My truck had 187,000 miles on it when i had new heads put on. If I had to do it again, I would do the same thing. A shop is expensive but much faster than do it my self. To boost my ego I could do it, but I need to go to work and dont have the tools that others do to do it correctly and efficently.


Swapped heads out on my '04 w/ 149k two weeks ago due to coolant loss into oil. Fairly certain one of them was cracked, based on finding sludge under only one valve cover and not in the motor itself. Head gasket looked fine. Did not have castech heads.

Worked 8:30am-7pm with two buddies, got the new heads on, rocker arms in, and exhaust back on. Put it the rest of the way back together (intake, generator bracket, etc) the next day in about four hours. Cost was $675 all in (tools, gaskets, heads, fluids, etc) using reman heads I picked up on ebay from someone who bought them for a built motor and then decided to go bigger for $160 shipped. New heads would have cost another $700-$800.

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Speaking to the OP, I would use dye and a pressure tester before jumping to any conclusions about head gaskets. It seems improbable that a head gasket would fail from the coolant passages out, they usually "blow out" from the cylinders. Make sure before you tear into your motor, it is a BIG job.

Edited by Ape0r, 29 February 2012 - 12:33 AM.

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#8 Gurrzt

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Posted 29 February 2012 - 08:33 AM

When engine is cold, take off the radiator cap and start the vehicle, when the thermostat opens, if you see "bubbles" coming up to the top, you have a head gasket problem.

#9 txab

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Posted 29 February 2012 - 08:48 AM

You can also use a special test strip that checks for combustion gasses in the coolant. Available at most auto part stores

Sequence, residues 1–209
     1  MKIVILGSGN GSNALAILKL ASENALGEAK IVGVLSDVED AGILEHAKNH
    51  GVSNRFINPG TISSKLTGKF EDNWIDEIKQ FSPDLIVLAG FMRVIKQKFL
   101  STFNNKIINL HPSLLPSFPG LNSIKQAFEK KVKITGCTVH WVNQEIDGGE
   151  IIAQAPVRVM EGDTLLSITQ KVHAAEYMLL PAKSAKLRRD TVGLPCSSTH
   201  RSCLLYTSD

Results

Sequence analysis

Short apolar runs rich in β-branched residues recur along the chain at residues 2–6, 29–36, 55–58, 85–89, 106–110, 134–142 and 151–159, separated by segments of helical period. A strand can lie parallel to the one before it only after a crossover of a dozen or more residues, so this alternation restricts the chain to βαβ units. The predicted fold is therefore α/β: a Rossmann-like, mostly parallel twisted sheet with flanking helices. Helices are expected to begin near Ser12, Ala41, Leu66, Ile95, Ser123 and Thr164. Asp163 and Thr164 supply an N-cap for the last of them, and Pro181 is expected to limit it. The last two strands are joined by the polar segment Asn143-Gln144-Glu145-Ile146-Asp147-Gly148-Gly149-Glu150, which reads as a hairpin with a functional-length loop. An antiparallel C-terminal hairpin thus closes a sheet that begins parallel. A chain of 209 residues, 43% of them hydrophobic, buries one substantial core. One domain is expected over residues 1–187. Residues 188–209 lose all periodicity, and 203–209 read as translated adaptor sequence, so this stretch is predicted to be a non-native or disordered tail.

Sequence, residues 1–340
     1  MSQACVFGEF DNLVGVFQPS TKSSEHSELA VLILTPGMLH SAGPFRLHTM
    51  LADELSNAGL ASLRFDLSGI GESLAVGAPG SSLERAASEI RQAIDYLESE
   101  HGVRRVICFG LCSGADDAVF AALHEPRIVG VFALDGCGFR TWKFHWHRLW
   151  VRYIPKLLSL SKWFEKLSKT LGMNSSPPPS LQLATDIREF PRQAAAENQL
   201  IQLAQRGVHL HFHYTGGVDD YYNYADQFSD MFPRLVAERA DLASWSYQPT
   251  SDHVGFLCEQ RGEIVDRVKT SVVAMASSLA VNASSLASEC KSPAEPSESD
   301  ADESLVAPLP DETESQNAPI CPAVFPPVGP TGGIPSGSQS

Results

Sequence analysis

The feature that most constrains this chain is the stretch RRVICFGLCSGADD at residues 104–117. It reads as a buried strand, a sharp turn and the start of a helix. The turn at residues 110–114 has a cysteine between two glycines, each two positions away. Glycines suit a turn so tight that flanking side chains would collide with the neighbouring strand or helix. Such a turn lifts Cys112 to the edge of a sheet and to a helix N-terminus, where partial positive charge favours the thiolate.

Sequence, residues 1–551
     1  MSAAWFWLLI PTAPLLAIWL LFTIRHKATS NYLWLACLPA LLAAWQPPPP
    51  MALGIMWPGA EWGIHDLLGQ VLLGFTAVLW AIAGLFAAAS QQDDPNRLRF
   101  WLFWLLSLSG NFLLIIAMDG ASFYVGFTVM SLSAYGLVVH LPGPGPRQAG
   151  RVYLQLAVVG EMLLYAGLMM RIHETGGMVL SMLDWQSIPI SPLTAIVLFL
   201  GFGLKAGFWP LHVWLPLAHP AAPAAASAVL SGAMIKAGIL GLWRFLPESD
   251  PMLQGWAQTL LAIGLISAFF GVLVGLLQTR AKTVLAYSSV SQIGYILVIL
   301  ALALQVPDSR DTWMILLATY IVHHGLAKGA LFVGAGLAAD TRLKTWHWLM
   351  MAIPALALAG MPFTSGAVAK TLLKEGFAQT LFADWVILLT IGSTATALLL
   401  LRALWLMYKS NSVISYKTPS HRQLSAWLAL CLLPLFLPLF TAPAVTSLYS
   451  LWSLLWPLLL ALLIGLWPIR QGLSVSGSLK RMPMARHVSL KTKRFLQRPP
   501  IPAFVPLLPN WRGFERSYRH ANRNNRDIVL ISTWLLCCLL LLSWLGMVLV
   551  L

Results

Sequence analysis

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#10 knifer94

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Posted 29 February 2012 - 08:15 PM

all that is fine but what i wanted to know is if chev had a known problm of head gaskets blowing. there is no water in the oil and no air bubbles in the radiator. i plan on checking everything out before i do anything. i have the tools and the know how to do it. put them on my 95 s10 4.3 last year. thanks, david

#11 TahoeMike

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Posted 01 March 2012 - 08:23 AM

all that is fine but what i wanted to know is if chev had a known problm of head gaskets blowing. there is no water in the oil and no air bubbles in the radiator. i plan on checking everything out before i do anything. i have the tools and the know how to do it. put them on my 95 s10 4.3 last year. thanks, david

To answer this question, it is no. Although it can and does happen, the most common issue with these engines was bad intake gaskets, as mentioned above. That's where I'd start because intake gaskets are a bit easier than head gaskets.
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#12 knifer94

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Posted 01 March 2012 - 09:11 PM

intakes are a lot easier that for sure. if i can quit making knives long enough next week i'll see where the leak is. thanks for all the help and i'll post the results. david